Directed by: David Dobkin
Starring: Will Ferrell, Rachel McAdams, Pierce Brosnan
Released in: 2020
I’m a big fan of Eurovision. A big fan. I’ve watched it religiously every year since 2009, and I spend the month of May blasting Eurovision classics, from Abba’s Waterloo to Netta’s I’m Not Your Toy. And I was absolutely terrified of this film coming out. My mind cast back to the last time an American was involved in the competition. Madonna. The Queen of Pop. Her half time act was a one-million-euro failure, filled with out of tune singing and political statements which would have got her disqualified. It felt like a confirmation that America just couldn’t do Eurovision. Thankfully, this American film comes across as a labour of love. This is made by people who genuinely understand and love the contest
This is the saga of Lars Erickssong (Will Ferrell) and Sigrit Ericksdottir (Rachel McAdams), two musicians from a small Icelandic town who have a big dream. After watching Abba perform Waterloo, they become obsessed with the contest and Lars, in particular, dreams of winning. They miraculously make the cut to get into the ESC, and it’s clear that they’re the underdogs from the start. Lars is obsessed with getting his hands on the Eurovision trophy, even though it’s clear that the point of the contest isn’t winning.
There’s a bit of tongue-in-cheek humour in the casting. Pierce Brosnan stars as Lars’ grumpy Icelandic dad. It’s a flashback from his role in Mamma Mia, which despite its Greek location, is really a Eurovision film. Dan Stevens as Alexander Lemtov really steals the show, as the extremely flamboyant, attractive Russian contestant. His song not only sounds like a Eurovision song, but it genuinely sounds like something that could actually win. BBC bosses, we haven’t won the competition since 1997, maybe we should hire Dan? Rachel McAdams is excellent as Sigrit, who has been in love with Lars since forever. Will Ferrell, in contrast, is not good opposite McAdams. His character ignores Sigrit’s complaints and is pretty unlikeable throughout the film. You can’t really comprehend why Sigrit wants to spend her life with him. Unfortunately, most of the film is rather unfunny, and this is by and large down to Ferrell’s character, who has lines like “I describe my penis as a Volvo.” As a result, the funniest thing in the film is the location of grand finale. In this film, it’s Edinburgh, suggesting that the UK actually won the year before.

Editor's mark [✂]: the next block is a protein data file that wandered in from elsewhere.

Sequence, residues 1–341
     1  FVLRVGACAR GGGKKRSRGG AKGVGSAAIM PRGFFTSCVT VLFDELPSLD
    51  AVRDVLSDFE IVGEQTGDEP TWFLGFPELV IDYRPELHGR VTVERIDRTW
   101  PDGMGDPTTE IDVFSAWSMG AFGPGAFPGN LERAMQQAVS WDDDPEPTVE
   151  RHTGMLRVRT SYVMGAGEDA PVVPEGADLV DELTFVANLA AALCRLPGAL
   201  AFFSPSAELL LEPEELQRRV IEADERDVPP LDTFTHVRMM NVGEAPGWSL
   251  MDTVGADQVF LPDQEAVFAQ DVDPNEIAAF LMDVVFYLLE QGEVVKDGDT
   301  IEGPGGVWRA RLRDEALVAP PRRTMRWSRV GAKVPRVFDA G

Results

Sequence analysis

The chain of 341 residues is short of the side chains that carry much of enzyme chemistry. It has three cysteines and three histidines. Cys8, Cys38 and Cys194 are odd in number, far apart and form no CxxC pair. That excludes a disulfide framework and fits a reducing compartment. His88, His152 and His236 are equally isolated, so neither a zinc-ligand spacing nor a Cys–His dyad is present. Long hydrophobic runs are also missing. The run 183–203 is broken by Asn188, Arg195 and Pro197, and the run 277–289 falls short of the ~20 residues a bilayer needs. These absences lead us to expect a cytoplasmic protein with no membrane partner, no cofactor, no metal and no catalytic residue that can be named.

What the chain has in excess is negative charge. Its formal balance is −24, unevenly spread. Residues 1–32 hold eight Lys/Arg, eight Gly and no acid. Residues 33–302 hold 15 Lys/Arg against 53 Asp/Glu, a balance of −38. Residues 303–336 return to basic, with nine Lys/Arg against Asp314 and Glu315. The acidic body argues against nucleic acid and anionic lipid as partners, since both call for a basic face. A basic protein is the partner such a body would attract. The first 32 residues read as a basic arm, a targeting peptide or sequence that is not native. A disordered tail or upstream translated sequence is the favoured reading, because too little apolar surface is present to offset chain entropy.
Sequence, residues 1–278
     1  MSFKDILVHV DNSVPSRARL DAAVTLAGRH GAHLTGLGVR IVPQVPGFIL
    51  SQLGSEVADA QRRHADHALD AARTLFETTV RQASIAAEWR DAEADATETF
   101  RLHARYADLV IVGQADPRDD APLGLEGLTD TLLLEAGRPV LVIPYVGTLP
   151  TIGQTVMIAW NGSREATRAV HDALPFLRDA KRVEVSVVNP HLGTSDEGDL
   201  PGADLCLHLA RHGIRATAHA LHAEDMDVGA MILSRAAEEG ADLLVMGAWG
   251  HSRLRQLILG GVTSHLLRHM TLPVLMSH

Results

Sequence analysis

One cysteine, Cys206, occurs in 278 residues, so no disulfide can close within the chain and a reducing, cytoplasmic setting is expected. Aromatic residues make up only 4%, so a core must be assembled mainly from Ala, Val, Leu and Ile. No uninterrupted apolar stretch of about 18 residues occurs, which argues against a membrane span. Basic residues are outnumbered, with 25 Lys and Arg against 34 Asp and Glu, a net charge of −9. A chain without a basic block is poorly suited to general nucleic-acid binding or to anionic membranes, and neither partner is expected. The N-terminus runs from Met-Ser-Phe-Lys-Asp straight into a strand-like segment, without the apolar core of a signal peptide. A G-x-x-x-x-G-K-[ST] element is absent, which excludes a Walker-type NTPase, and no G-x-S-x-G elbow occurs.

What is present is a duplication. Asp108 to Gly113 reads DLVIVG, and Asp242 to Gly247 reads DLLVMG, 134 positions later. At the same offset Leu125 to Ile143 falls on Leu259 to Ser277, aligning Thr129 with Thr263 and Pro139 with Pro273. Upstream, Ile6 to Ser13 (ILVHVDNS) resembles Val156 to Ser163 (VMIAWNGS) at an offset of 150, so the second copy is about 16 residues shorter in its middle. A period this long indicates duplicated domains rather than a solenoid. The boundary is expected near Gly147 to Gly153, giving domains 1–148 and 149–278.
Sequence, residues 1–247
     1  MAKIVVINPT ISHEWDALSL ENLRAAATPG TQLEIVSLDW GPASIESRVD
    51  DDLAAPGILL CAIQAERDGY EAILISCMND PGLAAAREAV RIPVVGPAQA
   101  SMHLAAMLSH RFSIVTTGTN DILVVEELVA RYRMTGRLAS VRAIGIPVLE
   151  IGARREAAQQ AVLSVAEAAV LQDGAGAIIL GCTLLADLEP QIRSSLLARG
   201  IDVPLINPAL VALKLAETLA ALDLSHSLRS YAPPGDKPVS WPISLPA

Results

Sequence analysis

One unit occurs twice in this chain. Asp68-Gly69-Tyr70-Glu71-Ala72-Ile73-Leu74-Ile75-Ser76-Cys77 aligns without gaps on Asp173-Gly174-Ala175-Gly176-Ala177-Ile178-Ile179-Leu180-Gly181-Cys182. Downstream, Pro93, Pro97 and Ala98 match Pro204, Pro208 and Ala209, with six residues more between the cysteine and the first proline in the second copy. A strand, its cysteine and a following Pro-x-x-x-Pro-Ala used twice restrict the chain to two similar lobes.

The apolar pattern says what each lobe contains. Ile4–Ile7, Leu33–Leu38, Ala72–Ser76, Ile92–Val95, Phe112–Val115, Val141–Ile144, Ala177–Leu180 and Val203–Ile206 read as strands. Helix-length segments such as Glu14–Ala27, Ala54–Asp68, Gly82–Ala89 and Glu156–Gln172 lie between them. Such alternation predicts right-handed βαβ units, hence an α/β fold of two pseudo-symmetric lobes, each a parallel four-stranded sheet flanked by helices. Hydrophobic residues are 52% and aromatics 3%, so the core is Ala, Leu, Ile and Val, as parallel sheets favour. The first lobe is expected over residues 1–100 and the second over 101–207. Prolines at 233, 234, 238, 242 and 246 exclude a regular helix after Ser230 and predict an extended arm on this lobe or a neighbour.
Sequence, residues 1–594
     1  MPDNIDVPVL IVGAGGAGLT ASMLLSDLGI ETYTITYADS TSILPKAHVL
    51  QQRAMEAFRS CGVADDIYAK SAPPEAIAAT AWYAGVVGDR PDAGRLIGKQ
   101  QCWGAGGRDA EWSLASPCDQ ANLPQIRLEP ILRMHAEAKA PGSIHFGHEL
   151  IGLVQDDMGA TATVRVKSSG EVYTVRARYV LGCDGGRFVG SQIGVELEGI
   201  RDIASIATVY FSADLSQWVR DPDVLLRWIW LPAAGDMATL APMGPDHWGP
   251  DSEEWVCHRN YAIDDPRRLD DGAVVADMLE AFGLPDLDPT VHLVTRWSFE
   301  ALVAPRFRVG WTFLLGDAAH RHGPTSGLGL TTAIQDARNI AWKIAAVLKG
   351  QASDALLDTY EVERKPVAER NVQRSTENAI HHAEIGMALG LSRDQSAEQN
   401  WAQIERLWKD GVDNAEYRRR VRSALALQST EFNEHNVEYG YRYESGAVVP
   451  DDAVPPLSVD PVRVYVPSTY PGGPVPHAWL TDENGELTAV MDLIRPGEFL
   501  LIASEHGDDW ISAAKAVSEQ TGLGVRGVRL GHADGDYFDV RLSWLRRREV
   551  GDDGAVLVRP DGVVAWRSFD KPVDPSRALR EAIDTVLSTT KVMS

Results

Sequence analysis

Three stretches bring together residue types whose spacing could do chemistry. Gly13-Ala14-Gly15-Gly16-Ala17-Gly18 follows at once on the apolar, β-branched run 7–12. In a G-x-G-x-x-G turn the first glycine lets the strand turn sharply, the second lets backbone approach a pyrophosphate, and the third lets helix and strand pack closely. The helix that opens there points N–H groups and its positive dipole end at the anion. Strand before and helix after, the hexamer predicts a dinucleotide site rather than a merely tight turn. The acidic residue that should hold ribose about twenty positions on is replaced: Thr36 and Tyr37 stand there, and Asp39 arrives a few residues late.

What’s really pleasant about this film is that it’s honest about its love for the competition. Alexander Rybak, Conchita Wurst and Netta all make an appearance. Graham Norton takes centre stage later, and along with Dan Stevens, he is the wittiest in the film. Salvador Sobral sings his winning song on an Edinburgh street. It’s all very wholesome. And just like the real ending of Eurovision, there was confetti raining down from the ceiling, and I may have shed a tear.
While Netflix’s attempt at wooing Eurovision Fans was on par with this year’s Eurovision: Europe Shine a Light; nobody rose like a phoenix. Instead of Iceland winning the competition this year, we got this film, which will probably just about tide my Eurovision hunger until next year.